This is the ugly truth about fiscal conservative ranting about our "big government" and profiligate ways. The vast majority of the budget is made up of things the overwhelming majority of Americans support and do not want cut. If you ask Americans whether we should cut spending they answer yes, but if you name programs to reduce or eliminate they say no to every single one. The fact is that welfare queens, Big Bird, and Planned Parenthood are simply such miniscule amounts of money as to be not even worth discussing in any serious debate over spending. Yet conservative politicians have been forced to pretend that major cuts can be accomplished on the back of this smokescreen, knowing that even their own constituents would not support the dismantlement of the New Deal.

America is a country with a big government that taxes like it has a small government.

Fiscal conservativism sounds really great, but under scrutiny holds nothing original not already encompassed by progressive ideas, while at the same time laboring under a false view of reality that we can somehow have our cake and eat it too through generous social programs, pensions, and a big military, while simultaneously paying low taxes.
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Re: Politics (formerly Election 2012)

Postby Nooska » Tue Feb 05, 2013 3:06 am

New chart with everyon up to this post in it (old link updated for the last time):
Maintankadin Crowd Chart

Edit; and no suprise that I'm still the leftist - I do self-describe myself as a socialist (specifically "peoples socialism, though that translates to sound like chinese brand of socialism, its a danish coined term "folkesocialist" from the tradition of "folkepartier" - peoples parties, I guess the closest would be a "movement")

Edit: Updated for lythac.
Last edited by Nooska on Tue Feb 05, 2013 9:58 am, edited 3 times in total.
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Re: Politics (formerly Election 2012)

Postby lythac » Tue Feb 05, 2013 3:56 am

Economic Left/Right: -1.75
Social Libertarian/Authoritarian: -3.23
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Re: Politics (formerly Election 2012)

Postby KysenMurrin » Tue Feb 05, 2013 4:15 am

Economic Left/Right: -4.12
Social Libertarian/Authoritarian: -7.38

So far, almost everyone's a socialist. :lol:
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Re: Politics (formerly Election 2012)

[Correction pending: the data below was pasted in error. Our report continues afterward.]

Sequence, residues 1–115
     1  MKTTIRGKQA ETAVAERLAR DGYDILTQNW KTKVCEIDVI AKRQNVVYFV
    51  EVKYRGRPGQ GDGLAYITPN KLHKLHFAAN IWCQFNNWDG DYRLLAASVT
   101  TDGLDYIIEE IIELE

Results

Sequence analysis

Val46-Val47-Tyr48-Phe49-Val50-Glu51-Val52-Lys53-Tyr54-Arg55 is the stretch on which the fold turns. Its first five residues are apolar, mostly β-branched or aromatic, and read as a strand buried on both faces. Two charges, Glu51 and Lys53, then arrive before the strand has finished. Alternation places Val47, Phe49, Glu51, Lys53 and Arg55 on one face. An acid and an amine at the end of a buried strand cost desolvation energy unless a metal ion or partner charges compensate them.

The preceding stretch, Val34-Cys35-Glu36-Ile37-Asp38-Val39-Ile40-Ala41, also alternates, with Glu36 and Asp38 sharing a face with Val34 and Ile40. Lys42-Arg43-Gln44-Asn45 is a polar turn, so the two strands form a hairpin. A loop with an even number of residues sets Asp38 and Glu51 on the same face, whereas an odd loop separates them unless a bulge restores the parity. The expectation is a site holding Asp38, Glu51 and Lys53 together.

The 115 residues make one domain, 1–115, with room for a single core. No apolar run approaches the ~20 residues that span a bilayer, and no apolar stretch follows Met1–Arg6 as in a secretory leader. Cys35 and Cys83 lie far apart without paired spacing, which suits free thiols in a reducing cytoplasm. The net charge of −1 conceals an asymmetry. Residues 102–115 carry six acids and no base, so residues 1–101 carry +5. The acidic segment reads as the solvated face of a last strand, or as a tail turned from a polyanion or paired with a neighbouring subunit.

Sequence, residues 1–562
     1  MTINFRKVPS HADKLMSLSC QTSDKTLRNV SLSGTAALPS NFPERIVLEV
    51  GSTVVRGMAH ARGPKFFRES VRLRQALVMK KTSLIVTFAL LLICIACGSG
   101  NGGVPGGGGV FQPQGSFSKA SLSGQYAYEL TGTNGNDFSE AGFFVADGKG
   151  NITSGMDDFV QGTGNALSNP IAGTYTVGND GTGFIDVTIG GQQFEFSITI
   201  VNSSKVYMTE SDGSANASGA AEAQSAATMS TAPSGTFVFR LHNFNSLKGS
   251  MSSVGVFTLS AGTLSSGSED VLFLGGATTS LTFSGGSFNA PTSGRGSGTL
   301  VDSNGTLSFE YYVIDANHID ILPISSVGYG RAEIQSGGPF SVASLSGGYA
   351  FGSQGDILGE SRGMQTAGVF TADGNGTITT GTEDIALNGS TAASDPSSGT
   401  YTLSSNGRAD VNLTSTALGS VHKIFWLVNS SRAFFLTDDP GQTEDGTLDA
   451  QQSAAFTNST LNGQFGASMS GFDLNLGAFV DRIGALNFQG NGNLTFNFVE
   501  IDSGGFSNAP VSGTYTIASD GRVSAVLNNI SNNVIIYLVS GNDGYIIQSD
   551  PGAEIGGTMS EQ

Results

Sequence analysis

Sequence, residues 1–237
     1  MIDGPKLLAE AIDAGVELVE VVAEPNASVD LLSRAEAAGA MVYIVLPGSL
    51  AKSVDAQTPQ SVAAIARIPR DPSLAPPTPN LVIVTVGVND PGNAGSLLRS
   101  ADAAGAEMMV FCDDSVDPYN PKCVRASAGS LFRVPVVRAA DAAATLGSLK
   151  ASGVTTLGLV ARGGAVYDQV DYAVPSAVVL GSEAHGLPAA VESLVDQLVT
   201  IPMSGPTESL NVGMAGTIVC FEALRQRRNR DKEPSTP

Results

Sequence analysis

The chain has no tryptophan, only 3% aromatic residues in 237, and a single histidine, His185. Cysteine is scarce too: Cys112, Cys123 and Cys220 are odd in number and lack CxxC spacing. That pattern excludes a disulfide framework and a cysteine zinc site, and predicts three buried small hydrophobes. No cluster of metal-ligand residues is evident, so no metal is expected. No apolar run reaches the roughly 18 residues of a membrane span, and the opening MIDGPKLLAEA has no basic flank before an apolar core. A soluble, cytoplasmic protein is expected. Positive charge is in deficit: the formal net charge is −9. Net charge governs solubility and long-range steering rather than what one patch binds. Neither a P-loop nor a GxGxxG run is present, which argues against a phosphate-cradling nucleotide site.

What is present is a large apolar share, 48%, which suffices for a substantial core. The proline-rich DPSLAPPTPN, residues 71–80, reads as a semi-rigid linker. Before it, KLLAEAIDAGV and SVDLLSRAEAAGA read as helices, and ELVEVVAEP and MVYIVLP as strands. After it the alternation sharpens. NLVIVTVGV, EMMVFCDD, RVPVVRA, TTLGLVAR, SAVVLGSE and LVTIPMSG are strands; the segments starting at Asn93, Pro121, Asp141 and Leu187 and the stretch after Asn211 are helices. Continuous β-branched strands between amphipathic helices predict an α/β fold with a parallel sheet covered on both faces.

Postby Paxen » Tue Feb 05, 2013 4:52 am

I think it's extremely weird that I'm the most "pro-liberty" dude here, given that I'm in favour of big government, high taxes and have sympathies for Karl Marx :D

I think that quiz misses a lot of elements.

edit: Or maybe that's all covered by the "left/right" axis?
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Re: Politics (formerly Election 2012)

Postby Klaudandus » Tue Feb 05, 2013 5:12 am

I think the worst part is that there's no neutral answer
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Re: Politics (formerly Election 2012)

Postby KysenMurrin » Tue Feb 05, 2013 5:43 am

I was surprised I wasn't further left economically. I think the number of questions is a bit limited on this quiz, really.
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Re: Politics (formerly Election 2012)

Postby Klaudandus » Tue Feb 05, 2013 6:59 am

Brekkie wrote:Here's an example of the kind of self-described "conservatives" I know. This appeared on my news feed today.

American Sniper and Seal team 3 member Chris Kyle, the deadliest sniper in U.S. History was shot and killed at a gun range in Texas. This wasn't a freak act of insanity or something the media may try to spin it up to, all these shootings are coincidentally happening when Nobama is trying to pass his ban or firearms. Think about it people, when the order is passed to kill Americans from the President who would they NOT want out there with a rifle? Maybe the deadliest sniper in history. This was an organized shooting, I don't care what anyone says, Obama had a bill passed where he could instate Marshall Law and kill American citizens if need be. People like Chris Kyle are labeled Terrorists by the Obama administration now days, this country is going to hell in a hand basket, and its sad that I have to sit here and watch it happen. God Bless men like Chris Kyle, and my prayers are with his family and friends. Semper Fi


I know hundreds of people who think like that, and only you who think like you. Maybe it's a generational thing. Maybe there's a huge culture war. Maybe we as a society have simply forgotten how to be rational. I don't know.


That conservative you know is gonna have a field day with this article
http://openchannel.nbcnews.com/_news/20 ... icans?lite
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Re: Politics (formerly Election 2012)

Postby Klaudandus » Tue Feb 05, 2013 7:03 am

http://www.motherjones.com/mojo/2013/02 ... d-families
Kids aren't going to charter schools if they're "A" students. They go to charter schools because they're failing students and, by and large, the charter schools have a higher percentage of poor families, ethnically challenged families…

I guess.... your ethnicity handicap is inversely proportional to the melanin in your skin...